Wednesday, October 31, 2018

Halloween Safety

(Information from the National Safety Council)

Halloween Safety On and Off the Road

Kids love the magic of Halloween: Trick-or-treating, classroom parties and trips to a neighborhood haunted house. But for moms and dads, often there is a fine line between Halloween fun and safety concerns, especially when it comes to road and pedestrian safety.
In 2016, 7,330 pedestrians died in traffic or non-traffic incidents, according to Injury Facts. Non-traffic incidents include those occurring on driveways, in parking lots or on private property.
NSC research reveals about 18% of these deaths occurred at road crossings or intersections. Lack of visibility because of low lighting at night also plays a factor in these deaths.
Here's a scary statistic: Children are more than twice as likely to be hit by a car and killed on Halloween than on any other day of the year. In 2017, October ranked No. 2 in motor vehicle deaths by month, with 3,700. July is No. 1, with 3,830 deaths.

Costume Safety

To help ensure adults and children have a safe holiday, the American Academy of Pediatrics has compiled a list of Halloween safety tips. Before Halloween arrives, be sure to choose a costume that won't cause safety hazards.
  • All costumes, wigs and accessories should be fire-resistant
  • Avoid masks, which can obstruct vision
  • If children are allowed out after dark, fasten reflective tape to their costumes and bags, or give them glow sticks
  • When buying Halloween makeup, make sure it is nontoxic and always test it in a small area first
  • Remove all makeup before children go to bed to prevent skin and eye irritation

When They're on the Prowl

  • A responsible adult should accompany young children on the neighborhood rounds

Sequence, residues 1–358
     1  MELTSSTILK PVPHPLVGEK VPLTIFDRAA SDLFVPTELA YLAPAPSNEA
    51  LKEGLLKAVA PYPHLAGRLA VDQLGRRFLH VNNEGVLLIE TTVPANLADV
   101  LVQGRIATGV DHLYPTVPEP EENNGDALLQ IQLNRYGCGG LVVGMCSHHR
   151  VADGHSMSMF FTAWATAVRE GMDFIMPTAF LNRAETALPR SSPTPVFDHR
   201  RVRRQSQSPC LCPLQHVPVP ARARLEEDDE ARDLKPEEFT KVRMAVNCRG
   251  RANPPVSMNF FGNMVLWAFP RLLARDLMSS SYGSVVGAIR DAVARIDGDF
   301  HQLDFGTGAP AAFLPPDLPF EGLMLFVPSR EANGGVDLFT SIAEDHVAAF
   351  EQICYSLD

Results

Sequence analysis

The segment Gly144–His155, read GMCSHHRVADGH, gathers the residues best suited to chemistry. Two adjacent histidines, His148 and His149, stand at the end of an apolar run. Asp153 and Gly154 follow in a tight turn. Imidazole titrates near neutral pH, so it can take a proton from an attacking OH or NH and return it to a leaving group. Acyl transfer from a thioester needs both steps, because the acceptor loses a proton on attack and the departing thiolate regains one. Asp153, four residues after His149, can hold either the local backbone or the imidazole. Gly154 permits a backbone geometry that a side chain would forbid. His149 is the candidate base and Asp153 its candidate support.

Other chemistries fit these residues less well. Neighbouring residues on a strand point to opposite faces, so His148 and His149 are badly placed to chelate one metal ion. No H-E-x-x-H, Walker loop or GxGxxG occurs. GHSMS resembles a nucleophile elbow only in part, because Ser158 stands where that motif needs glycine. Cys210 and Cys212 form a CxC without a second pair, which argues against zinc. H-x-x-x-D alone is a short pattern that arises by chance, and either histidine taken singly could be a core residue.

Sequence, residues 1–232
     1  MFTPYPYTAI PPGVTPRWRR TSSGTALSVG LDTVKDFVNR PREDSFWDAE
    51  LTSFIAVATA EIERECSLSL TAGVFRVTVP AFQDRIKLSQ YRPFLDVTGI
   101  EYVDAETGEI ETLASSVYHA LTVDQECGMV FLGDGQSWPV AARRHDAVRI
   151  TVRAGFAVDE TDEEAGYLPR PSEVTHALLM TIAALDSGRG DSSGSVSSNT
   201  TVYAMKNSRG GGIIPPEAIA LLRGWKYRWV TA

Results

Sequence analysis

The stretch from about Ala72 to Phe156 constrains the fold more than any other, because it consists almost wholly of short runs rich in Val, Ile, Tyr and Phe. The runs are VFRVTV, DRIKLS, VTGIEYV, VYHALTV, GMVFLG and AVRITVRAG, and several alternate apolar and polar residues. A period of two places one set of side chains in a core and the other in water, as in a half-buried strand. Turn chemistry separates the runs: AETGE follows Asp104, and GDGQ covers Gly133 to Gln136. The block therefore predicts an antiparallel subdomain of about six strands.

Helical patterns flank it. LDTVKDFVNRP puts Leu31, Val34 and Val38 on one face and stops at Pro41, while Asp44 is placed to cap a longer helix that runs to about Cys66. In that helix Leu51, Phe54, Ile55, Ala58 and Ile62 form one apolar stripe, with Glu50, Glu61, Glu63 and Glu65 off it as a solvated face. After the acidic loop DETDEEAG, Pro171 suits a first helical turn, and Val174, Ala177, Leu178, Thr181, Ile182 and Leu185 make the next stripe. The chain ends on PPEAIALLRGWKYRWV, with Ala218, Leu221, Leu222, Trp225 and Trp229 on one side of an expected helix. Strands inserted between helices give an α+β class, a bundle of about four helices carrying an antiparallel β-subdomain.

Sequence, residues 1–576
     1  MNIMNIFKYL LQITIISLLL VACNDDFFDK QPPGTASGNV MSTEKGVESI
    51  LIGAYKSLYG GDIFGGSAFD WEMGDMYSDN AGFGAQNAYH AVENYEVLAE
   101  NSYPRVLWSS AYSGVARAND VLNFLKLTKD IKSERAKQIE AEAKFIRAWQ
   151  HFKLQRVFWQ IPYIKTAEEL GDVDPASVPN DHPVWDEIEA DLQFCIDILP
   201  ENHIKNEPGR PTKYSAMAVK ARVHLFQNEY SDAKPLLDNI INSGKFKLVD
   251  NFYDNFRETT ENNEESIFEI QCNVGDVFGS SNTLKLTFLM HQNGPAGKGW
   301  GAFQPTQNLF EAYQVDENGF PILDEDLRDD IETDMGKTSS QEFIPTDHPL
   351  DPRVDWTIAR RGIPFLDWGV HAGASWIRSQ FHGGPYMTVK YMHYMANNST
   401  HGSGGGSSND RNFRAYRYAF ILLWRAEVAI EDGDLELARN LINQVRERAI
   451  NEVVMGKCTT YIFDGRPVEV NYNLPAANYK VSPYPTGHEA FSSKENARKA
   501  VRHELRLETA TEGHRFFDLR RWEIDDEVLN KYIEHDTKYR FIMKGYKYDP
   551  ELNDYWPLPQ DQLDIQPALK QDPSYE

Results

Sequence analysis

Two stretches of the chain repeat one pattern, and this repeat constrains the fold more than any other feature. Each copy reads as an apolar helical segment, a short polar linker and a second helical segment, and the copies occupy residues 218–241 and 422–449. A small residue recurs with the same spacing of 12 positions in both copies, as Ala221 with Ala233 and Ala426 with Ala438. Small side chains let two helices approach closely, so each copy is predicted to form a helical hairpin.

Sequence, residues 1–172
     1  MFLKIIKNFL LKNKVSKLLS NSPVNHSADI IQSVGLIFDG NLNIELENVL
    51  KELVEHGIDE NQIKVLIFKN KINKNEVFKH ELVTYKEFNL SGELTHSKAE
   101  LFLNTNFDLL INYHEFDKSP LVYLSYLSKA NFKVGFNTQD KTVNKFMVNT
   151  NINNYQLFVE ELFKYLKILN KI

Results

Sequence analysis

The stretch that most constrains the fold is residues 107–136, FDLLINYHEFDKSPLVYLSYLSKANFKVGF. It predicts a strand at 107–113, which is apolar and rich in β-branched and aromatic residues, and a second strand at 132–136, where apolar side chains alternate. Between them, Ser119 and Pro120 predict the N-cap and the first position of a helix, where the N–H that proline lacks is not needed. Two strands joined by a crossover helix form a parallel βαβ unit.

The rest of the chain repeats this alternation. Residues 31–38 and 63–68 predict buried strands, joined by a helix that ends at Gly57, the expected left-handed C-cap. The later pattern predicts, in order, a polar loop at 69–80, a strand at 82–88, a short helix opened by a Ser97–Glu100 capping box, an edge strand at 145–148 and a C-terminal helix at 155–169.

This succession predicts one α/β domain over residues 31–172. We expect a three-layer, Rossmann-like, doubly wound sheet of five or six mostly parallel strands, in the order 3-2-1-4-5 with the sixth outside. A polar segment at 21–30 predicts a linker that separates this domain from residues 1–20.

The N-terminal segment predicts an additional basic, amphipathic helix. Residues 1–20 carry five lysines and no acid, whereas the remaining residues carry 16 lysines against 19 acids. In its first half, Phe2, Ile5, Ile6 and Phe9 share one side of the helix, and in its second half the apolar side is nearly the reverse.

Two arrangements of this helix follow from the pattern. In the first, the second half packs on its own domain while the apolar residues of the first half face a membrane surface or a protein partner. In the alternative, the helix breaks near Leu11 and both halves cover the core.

• If your older children are going alone, plan and review a route acceptable to you
  • Agree on a specific time children should return home
  • Teach your children never to enter a stranger's home or car
  • Instruct children to travel only in familiar, well-lit areas and stick with their friends
  • Tell your children not to eat any treats until they return home
  • Children and adults are reminded to put electronic devices down, keep heads up and walk, don't run, across the street

Safety Tips for Motorists

NSC offers these additional safety tips for parents – and anyone who plans to be on the road during trick-or-treat hours:

  • Watch for children walking on roadways, medians and curbs
  • Enter and exit driveways and alleys carefully
  • At twilight and later in the evening, watch for children in dark clothing
  • Discourage new, inexperienced drivers from driving on Halloween

Monday, October 29, 2018

Students Learn About the Moon!

Recently, students had the opportunity to learn about the moon.  Susan Rolfsmeier, Chadron Public
Library, facilitated the program.  Three stations were set up for students to learn about the moon and its
surface.  The highlight of the program was the lunar disk on loan from NASA. The six Apollo missions
that landed astronauts on the Moon returned a collection of rocks and sediment samples weighing 382
kilograms and consisting of more than 2,000 separate samples.  The lunar disk contained small samples
of lunar material. Descriptions of the samples were discussed.
Students created a model of the surface of the moon.

Students worked together to classify different types of moon rocks.

A digital microscope was used to get a closer look at the lunar disk.

Thursday, October 18, 2018

CHS Graduates Outscore State and National Averages Again on the ACT!


When looking at this data compared to other states, an important piece to interpret is the number (or percent) of
graduates who have taken an ACT. Nebraska has ranked very high each year with typically around 80% of
graduates that have taken an ACT prior to graduation compared to Eastern states that might have as few as
10-30%.  However, due to the new State testing changes, this is the first year that Nebraska will report on 100%
of graduates since all students are now required to take the ACT during their junior year. As you can imagine, if a
school (or state) has 50% of graduates take the ACT, chances are that they are high performing students. Whereas
states like Nebraska, where 100% of graduates take the ACT, will have a lower overall average.
So, this is the first year that all graduating seniors at Chadron High School took the ACT test due to the new State testing requirements that began when these graduates were juniors.
Here's a summary of our data with comparisons to trends from past years.
2018 National Average:    20.8
2018 Nebraska Average:   20.1 (first year that all graduates took the ACT)
2018 Chadron Average:  20.7 (first year that all graduates took the ACT)
Chadron High School Historical Trend of ACT Composite Averages
  • 2018  20.7 (first year that EVERY graduate took the ACT)
  • 2017  22.6
  • 2016  21.2
  • 2015  20.4